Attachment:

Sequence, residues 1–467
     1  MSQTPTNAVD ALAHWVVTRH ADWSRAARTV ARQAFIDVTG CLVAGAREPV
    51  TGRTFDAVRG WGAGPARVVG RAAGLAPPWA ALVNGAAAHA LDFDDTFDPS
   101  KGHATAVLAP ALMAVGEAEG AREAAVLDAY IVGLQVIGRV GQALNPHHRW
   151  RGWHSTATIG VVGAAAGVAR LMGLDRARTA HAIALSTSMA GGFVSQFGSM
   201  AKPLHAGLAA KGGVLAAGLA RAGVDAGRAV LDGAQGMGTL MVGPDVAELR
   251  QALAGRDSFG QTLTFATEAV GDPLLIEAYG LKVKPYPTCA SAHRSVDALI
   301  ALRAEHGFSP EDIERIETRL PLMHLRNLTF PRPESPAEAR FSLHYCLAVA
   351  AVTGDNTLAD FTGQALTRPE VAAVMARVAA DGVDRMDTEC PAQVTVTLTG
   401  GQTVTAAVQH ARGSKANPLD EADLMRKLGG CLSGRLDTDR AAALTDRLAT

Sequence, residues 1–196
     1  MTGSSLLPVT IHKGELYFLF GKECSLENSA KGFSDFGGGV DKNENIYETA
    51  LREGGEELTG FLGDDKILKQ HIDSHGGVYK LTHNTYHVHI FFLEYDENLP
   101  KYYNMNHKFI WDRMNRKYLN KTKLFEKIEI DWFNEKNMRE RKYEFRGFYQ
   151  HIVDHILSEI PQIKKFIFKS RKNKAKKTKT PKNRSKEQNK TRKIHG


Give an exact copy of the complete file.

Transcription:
Sequence, residues 1–467
     1  MSQTPTNAVD ALAHWVVTRH ADWSRAARTV ARQAFIDVTG CLVAGAREPV
    51  TGRTFDAVRG WGAGPARVVG RAAGLAPPWA ALVNGAAAHA LDFDDTFDPS
   101  KGHATAVLAP ALMAVGEAEG AREAAVLDAY IVGLQVIGRV GQALNPHHRW
   151  RGWHSTATIG VVGAAAGVAR LMGLDRARTA HAIALSTSMA GGFVSQFGSM
   201  AKPLHAGLAA KGGVLAAGLA RAGVDAGRAV LDGAQGMGTL MVGPDVAELR
   251  QALAGRDSFG QTLTFATEAV GDPLLIEAYG LKVKPYPTCA SAHRSVDALI
   301  ALRAEHGFSP EDIERIETRL PLMHLRNLTF PRPESPAEAR FSLHYCLAVA
   351  AVTGDNTLAD FTGQALTRPE VAAVMARVAA DGVDRMDTEC PAQVTVTLTG
   401  GQTVTAAVQH ARGSKANPLD EADLMRKLGG CLSGRLDTDR AAALTDRLAT

Sequence, residues 1–196
     1  MTGSSLLPVT IHKGELYFLF GKECSLENSA KGFSDFGGGV DKNENIYETA
    51  LREGGEELTG FLGDDKILKQ HIDSHGGVYK LTHNTYHVHI FFLEYDENLP
   101  KYYNMNHKFI WDRMNRKYLN KTKLFEKIEI DWFNEKNMRE RKYEFRGFYQ
   151  HIVDHILSEI PQIKKFIFKS RKNKAKKTKT PKNRSKEQNK TRKIHG